The Federal Government of Somalia is deeply dismayed to see public statements made by some of its international partners and long-time friends that misconstrue the laws passed by government institutions to uphold the democratic rights of the people to choose their leadership, and instead paint them as unlawful term extensions.
The Somali people have longed for the opportunity to exercise their democratic rights and use the power of their voices to elect their leaders. While this administration expended significant efforts towards this goal, on Sept 17th, 2020, political leaders in Somalia agreed to suspend that process and hold indirect elections instead.
As all witnessed in the past nine months, two out of seven signatories to the 17 September 2020 agreement, namely the leaders of Jubbaland and Puntland administrations, acting under extreme pressure from foreign influences, attempted to stall and hijack the process by creating endless demands and calling for the dismantling of national government institutions.
The potential risks of losing the progress made so far prompted the House of the People of the Federal Parliament to debate and vote on 12 April 2021 to protect the country’s institutions. This decision was broadly supported by key political stakeholders in the country, including the Federal Government, the Banadir Regional Administration and three out of the five Federal Member States, namely Hirshabeele, Galmudug and Southwest State.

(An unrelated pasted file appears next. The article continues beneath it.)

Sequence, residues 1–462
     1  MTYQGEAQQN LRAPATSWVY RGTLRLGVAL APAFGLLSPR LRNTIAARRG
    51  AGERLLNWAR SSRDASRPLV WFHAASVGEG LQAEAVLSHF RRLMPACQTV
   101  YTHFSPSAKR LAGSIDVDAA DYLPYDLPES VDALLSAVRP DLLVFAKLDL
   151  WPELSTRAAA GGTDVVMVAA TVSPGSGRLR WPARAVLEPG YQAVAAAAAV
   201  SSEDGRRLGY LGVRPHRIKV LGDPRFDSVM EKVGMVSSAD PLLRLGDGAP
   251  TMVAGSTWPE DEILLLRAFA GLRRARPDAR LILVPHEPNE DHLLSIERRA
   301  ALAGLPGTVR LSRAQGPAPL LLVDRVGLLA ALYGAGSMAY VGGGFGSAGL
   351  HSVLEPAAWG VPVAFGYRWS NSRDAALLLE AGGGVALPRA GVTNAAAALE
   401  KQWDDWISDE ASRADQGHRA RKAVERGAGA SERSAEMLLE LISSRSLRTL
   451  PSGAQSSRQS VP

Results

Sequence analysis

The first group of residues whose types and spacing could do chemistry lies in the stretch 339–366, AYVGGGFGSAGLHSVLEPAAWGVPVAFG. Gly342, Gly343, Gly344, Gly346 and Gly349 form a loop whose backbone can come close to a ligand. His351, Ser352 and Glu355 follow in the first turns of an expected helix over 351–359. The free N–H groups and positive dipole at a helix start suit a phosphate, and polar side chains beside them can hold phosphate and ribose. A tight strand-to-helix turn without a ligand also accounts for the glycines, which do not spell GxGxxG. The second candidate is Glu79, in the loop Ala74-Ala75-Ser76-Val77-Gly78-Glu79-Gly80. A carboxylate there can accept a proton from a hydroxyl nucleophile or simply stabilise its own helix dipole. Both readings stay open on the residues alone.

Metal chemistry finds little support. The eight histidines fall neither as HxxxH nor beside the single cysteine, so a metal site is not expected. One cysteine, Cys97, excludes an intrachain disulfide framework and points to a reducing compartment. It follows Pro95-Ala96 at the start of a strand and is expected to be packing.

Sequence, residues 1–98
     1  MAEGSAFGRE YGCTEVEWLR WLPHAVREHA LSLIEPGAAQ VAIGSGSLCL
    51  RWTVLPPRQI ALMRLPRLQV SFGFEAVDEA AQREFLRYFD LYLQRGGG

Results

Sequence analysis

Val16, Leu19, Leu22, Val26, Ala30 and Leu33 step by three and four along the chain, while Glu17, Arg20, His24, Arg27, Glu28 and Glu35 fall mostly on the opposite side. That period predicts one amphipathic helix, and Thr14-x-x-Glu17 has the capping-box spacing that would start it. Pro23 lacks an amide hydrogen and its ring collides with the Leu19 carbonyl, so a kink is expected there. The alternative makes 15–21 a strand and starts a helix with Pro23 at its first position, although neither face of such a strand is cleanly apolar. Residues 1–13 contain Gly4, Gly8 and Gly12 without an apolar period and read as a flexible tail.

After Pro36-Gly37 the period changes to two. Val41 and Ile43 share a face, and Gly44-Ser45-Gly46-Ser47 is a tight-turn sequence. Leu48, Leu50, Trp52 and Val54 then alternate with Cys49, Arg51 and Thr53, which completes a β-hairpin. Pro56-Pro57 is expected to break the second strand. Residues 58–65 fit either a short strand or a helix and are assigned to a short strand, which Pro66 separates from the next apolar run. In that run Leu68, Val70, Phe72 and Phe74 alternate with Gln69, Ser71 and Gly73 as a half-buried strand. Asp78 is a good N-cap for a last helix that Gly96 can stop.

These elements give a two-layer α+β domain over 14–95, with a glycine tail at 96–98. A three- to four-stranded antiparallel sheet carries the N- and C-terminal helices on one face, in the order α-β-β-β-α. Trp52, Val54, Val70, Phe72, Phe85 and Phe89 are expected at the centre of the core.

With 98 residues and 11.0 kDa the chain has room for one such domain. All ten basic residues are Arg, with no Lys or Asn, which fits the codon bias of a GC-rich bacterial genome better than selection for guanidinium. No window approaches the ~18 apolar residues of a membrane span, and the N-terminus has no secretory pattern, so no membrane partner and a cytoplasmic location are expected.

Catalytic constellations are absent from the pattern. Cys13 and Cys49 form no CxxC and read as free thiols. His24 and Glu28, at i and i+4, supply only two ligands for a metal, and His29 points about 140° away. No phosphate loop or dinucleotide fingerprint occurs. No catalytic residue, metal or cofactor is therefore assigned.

As stipulated in Article 47 of Somalia’s Provisional Constitution, the House of the People of the Federal Parliament of Somalia has the sole authority to enact special laws defining regulations concerning elections at the federal level.
Therefore, the law passed by the House of the People of the Federal Parliament on 12 April 2021 prescribing a one-person, one-vote electoral model be implemented in the country supersedes any prior arrangements reached, including the 17 September 2020 agreement. In essence, this law gives the country the opportunity to implement one of the options proposed by the National Independent Electoral Commission (NIEC), which had previously put forward several implementable options, including a roadmap to complete the elections within 13 months.
While we appreciate the concerns of our friends and international partners for Somalia’s stability and security, it is regrettable to witness champions of democratic principles falling short of supporting the aspirations of the Somali people to exercise their democratic rights.
Inflammatory statements laden with threats, which undermine the political independence and sovereign rights of national institutions, will only serve to embolden terrorist organizations and anti-peace elements in Somalia.
The Federal Government of Somalia stands by the decisions made by the Federal Parliament and remain committed to implementing free and fair elections in the country within the stipulated timeframe. We urge our friends and allies to continue their constructive support for Somalia’s security and long-term stability.